Wil called it right: It was not one of my better ideas– getting a yak.
Yaks are basically short llama-coated cows with long pointed horns and have a long tradition of being a service animal (packing and riding) in the Himalayan Mountains of Tibet. I wanted to have a yak team who could legally defoliate the rainvforest of my new property in NorthWet Washington.
I found a breeder who had a young yak and set off for Points South to pick up said Yak. We arrived at the farm, where the owner had already caught the yak and tied her up to a post near where we could load her up. She was a little upset and expressed this by whipping her baby horns toward me. But she was kind to her owner and I thought that we would be able to work through this once we got home.
Yaks are herd animals, so to give my new yak a buddy I had arranged to pick up a 2 year old Yak from a petting zoo. I thought that since the yak had been there, he would be a tame yak. Alas. This was not really the case. And it did explain why the owners of said yak were moving him down the road.
Wil, who had disapproved of loading up the first yak freaked out at the idea of adding a second yak. While I visited with the yak in the barn, he assumed a position that looked like one of those sticky-footed Garfield stuffed toys that people used to stick on their side windows of their cars back in the 80’s. “Chief! Chief!” he called “Chief– Let me out of the truck! If something goes wrong I need to be there! CHIEF! OPEN THE DOOR!”
I decided to take the yak– until he got in the loading corral at which point he bucked and kicked out and flung his horns. Wil was beside himself– not just because of the yak’s attack behavior, but because in the pen beside the irate yak was a 18 hand camel. A WHAT?! CHIEF!!! Get away from THAT THING!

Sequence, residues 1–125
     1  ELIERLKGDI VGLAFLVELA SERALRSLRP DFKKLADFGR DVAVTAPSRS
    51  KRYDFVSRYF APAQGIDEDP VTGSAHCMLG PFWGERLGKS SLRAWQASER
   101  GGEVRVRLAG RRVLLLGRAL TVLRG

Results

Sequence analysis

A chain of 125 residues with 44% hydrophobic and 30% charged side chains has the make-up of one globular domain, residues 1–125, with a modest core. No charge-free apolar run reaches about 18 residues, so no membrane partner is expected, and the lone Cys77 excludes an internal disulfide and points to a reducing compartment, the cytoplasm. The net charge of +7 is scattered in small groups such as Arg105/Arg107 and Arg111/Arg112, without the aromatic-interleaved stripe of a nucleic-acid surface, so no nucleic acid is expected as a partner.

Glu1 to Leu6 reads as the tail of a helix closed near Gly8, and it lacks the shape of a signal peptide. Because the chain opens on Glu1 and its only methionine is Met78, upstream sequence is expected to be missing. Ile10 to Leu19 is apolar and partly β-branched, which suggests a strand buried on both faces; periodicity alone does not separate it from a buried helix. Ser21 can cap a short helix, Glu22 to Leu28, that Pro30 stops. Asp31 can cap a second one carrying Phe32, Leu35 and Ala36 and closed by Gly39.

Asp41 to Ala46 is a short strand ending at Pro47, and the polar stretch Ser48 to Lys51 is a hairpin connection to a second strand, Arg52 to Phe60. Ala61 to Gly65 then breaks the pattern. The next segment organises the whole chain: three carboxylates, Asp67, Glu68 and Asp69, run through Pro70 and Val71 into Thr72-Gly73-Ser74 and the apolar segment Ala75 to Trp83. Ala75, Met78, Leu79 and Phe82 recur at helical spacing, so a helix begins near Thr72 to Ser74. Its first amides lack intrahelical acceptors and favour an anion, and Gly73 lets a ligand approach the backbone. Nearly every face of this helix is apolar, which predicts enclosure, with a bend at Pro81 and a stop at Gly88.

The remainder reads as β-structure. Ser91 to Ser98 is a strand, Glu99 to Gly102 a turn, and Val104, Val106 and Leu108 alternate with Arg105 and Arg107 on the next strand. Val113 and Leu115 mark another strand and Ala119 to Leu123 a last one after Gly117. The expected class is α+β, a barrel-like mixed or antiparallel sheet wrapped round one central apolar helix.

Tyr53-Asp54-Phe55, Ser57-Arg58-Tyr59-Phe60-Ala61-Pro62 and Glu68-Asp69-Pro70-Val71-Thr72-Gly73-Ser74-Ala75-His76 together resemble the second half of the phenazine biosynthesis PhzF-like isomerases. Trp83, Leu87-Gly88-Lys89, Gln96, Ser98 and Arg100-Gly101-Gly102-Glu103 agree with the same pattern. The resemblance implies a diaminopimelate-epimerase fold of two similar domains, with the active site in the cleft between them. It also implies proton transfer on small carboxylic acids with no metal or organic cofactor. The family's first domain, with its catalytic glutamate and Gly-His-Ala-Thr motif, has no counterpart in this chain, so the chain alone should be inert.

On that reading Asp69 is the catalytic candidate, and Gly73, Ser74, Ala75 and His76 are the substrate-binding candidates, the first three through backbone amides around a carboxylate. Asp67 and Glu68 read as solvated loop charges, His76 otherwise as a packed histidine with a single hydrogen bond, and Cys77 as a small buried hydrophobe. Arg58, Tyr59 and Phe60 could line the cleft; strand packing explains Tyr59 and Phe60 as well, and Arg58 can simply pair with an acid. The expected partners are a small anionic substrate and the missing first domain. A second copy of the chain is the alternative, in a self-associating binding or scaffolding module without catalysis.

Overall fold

I told the man I could not take his yak. We closed up the trailer and I got in the truck.
Wil fell over — I mean literally keeled over like a cardboard cut-out of a Bouvier. He did not move.
For 20 minutes we drove. Still no motion. I pulled into a gas station to check Wil’s pulse. He looked pleadingly into my eyes: “Chief,” he whispered, “Chief… please don’t get a yak. And please, please, please, please Chief… Don’t get one of those 18 hand monsters.”
We went for a walk to “reset” his emotions.
When we got home I put Wil in the house and then had a friend help me unload the young yak. Her behavior was just about as scary as the 2 year old’s had been, and in the end– the very next morning– I took her back to her former owner. Yaks, it seems, are fine little work partners IF they’ve been brought up from birth- with bottle feeding and a lot of handling and training from birth. Feeding a yak a ration of grain each day will not tame a yak.
Wil needed some debriefing that would let him know that Chief had not lost all sense and sensibility. So, we had a discussion about camels. I searched YouTube and found this video about camels:
“Wil,” I said, “watch this video. See the camel? It’s like the one we saw today.”
Wil glanced at the computer screen. He saw the camel and his eyes bulged. Then he recoiled, took a deep breath and started to lunge for the screen.
“No, Wil,” I said, “Camels are good. They’re like horses. People ride them. And they can pack stuff. Camels are like horses.”
Wil looked at me and then at the camel on the screen.
“See the lady?” I said, pointing to Alex standing in front of her camel. “This is her pet camel. Camels like people. They are like horses.”
Wil got up to inspect at close range:
And in the end, he remained only about 89% convinced that camels are good people.